Customer Reviews: My Friend Leonard
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VINE VOICEon May 23, 2006
I know the book and it's predecessor are all a big heap of lies, but if you approach it as strictly fiction, there's no denying the guy's a really great writer.Frey's frenetic style is the same as in "...Pieces", and although it's not the brutal foray into addiction recovery, it still manages to be both compelling and fast paced, as he pieces his life together after rehab and continues forging his relationship with gangster Leonard. Moralizing about integrity and honesty aside, I'll be interested to see what Frey produces next regardless of whether it's in the fiction, bio, or big fat liar section
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on December 27, 2005
A sad thing happens somewhere in the middle of this book: you learn that James Frey is a screenwriter and a producer and a director and you begin to question almost every sentence. Did it happen? Or does it simply make for a good story? Like others, I found the ending to be completely contrived--perhaps real, but related in a way that stinks of Hollywood. I put the book down and wished I had stopped at A Million Little Pieces, which was devastatingly brilliant whether contrived or not.
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on December 2, 2005
Like many others, I found out about James Frey through Oprah and her book club. I read A Million Little Pieces quickly and intensely. I didn't question it at the time. I just wanted to finish it and see what happened to all the interesting characters. I immediately bought the follow-up and had it delivered with the 2 day option. I couldn't wait for the book to arrive. Then, I started thinking more about AMLP and wondering how true some of the parts might be, like the part where they have the boxing match and the authorities leave and they are allowed to bet and eat as much as they want from a catered company. I started to realize there might be some over-elaboration from Frey. Maybe he made some of it up, maybe a lot more than some of it.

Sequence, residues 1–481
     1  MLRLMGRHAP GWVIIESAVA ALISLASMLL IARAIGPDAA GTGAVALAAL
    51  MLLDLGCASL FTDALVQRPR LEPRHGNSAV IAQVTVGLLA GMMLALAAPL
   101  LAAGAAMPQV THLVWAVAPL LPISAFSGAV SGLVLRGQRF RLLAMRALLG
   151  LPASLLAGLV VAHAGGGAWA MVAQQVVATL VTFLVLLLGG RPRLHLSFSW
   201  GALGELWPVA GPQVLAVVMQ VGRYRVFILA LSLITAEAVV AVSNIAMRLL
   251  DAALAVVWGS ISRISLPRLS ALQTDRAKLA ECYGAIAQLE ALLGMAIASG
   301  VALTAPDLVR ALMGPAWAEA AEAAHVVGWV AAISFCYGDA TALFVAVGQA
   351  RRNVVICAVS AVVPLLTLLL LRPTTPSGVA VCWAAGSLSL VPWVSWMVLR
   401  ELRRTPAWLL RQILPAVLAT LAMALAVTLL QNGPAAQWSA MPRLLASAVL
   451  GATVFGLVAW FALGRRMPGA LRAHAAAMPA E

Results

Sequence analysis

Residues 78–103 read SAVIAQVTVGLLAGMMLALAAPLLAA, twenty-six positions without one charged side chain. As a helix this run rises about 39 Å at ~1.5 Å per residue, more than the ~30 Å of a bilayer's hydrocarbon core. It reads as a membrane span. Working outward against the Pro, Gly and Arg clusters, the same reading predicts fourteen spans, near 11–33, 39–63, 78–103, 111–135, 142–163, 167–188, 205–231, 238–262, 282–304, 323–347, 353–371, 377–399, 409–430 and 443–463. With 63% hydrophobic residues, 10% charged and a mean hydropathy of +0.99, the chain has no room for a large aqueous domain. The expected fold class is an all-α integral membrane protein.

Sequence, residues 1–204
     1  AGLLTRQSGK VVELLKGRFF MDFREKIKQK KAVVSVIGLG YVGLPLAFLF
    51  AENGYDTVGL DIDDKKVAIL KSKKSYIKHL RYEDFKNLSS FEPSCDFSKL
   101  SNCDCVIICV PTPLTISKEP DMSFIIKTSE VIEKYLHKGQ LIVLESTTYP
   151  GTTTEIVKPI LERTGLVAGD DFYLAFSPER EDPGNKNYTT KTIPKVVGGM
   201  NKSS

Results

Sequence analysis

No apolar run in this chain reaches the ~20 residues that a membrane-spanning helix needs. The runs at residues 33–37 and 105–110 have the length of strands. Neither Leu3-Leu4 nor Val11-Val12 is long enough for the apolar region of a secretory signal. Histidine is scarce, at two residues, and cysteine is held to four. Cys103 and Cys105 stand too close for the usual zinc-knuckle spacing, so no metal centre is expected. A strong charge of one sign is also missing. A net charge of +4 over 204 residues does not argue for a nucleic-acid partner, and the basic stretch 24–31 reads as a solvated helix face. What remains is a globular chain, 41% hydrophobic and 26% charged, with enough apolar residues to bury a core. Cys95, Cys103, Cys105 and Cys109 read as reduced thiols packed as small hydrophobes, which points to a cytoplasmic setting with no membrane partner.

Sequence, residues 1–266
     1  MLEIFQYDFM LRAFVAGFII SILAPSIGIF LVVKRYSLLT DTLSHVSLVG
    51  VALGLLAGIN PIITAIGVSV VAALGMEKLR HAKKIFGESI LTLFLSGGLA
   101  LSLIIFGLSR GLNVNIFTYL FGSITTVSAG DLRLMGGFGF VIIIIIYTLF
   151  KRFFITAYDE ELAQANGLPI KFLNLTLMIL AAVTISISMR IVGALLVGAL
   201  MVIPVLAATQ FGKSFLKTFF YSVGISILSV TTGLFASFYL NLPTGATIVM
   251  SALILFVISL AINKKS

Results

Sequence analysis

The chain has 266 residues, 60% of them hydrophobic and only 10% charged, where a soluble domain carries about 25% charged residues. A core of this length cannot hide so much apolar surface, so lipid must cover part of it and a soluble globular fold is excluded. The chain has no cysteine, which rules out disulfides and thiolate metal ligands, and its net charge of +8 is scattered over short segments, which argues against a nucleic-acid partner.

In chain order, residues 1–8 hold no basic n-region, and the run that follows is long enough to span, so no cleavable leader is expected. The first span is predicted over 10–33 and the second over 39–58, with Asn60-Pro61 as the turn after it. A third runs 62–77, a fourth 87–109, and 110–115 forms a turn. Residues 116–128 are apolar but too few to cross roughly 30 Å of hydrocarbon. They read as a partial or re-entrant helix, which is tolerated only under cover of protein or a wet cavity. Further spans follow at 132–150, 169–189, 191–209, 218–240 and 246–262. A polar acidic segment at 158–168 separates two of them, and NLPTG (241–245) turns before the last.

Then MFL arrives and I read it quickly. It lends itself to being read quickly because it is so repetitive. I agree with other reviews that say his style works much better as an addict than as a person who is distanced from that addiction. This style becomes difficult and tedious. I tire of it I take a break from reading I care less about what happens to the characters get a cold tasty cola. Skip a few pages. The writing becomes a parody of itself at times. It worked before but it doesn't in this book. In the "real world" Leonard becomes a much less believable character to me. Snapper is one dimensional at best. I lose interest in his loves he can't get it up with his beautiful new girlfriend he won't tell her why he still misses Lilly cries buys flowers cries. We hug. We seperate. We order steak, creamed spinach and a nice cold tasty cola.

OK, you get it. I'm disappointed I hoped for better I feel like it was made up makes the first book less believable stop now stop stop.
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on November 21, 2005
If you read Frey's first book then you must read this! After a Million Little Pieces, I had tons of questions I wanted answered. Why did Lilly do it? What was prison like? Is the fury still there? This book answers all of those questions and tells the unique and fascniating story of Frey's life after rehab. The ending is wonderful and brings closure to his story and all of the questions.

Highly, highly, highly recommended.
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on January 27, 2006
Frey got those anecdotes the no-risk way: he stole them from a real druggie/criminal author. A much better and more honest one, a guy named Eddie Little-specifically, Frey looted Little's great debut novel, Another Day in Paradise.

Little wrote a column called "Outlaw L.A." that ran when Frey was living in LA writing bad movies (eg Loving A Fool). I think Ruth's hunch was right: Frey, like the thief and conman he is, read Little's column, then his book, and started stealing. Naturally, he cut the key element of Little's books: the unhappy endings. The fake transformations suckers demand.

Another lie, those transformations; people live and die as unvaryingly as insects. Frey himself illustrates this perfectly. He was a yuppie schemer from birth, a trust-fund bum with a roof rat's adaptive, though repellent traits: a rat cunning and lack of shame.